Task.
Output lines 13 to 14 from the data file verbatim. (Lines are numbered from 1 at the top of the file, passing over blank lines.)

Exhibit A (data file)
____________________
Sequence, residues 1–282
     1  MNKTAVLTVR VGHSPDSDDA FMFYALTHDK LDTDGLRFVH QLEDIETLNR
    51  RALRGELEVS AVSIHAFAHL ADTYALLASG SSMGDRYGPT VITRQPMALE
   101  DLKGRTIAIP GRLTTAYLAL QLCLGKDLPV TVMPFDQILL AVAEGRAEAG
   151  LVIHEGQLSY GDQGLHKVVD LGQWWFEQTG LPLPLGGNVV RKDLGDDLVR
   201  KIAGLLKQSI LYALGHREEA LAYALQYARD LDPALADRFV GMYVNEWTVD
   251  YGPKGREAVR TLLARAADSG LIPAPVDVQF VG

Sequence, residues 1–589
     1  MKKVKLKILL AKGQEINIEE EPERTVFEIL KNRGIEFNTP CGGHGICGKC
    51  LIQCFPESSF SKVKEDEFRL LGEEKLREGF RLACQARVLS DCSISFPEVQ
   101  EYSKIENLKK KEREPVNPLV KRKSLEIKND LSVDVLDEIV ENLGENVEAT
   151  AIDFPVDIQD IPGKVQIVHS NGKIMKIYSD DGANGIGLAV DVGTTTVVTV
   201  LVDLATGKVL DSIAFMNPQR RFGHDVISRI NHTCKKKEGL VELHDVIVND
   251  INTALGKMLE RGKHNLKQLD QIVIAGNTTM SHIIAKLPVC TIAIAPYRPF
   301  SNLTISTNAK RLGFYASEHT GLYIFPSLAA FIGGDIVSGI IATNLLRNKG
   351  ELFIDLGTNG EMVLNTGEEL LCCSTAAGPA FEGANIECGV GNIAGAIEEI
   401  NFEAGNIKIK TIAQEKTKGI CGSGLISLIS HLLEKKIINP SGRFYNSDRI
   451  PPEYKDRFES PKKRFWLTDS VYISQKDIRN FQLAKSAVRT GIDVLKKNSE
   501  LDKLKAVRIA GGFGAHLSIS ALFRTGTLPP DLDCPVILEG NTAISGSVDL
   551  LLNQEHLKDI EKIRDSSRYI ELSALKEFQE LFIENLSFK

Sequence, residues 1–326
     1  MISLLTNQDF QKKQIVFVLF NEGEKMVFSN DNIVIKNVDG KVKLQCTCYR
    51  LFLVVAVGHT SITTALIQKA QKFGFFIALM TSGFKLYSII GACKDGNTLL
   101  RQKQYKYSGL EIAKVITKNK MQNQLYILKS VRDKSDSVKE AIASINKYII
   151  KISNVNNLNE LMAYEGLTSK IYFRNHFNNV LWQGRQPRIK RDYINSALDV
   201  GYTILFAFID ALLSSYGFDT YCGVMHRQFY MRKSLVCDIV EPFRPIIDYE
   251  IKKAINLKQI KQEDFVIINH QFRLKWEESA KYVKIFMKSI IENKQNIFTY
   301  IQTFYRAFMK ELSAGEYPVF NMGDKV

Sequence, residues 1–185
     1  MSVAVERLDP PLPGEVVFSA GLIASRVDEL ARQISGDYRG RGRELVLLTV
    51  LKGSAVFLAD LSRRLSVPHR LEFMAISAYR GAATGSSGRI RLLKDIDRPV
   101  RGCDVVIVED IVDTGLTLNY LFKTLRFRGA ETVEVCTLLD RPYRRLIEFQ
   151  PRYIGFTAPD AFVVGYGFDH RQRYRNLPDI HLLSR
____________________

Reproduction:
   201  LVDLATGKVL DSIAFMNPQR RFGHDVISRI NHTCKKKEGL VELHDVIVND
   251  INTALGKMLE RGKHNLKQLD QIVIAGNTTM SHIIAKLPVC TIAIAPYRPF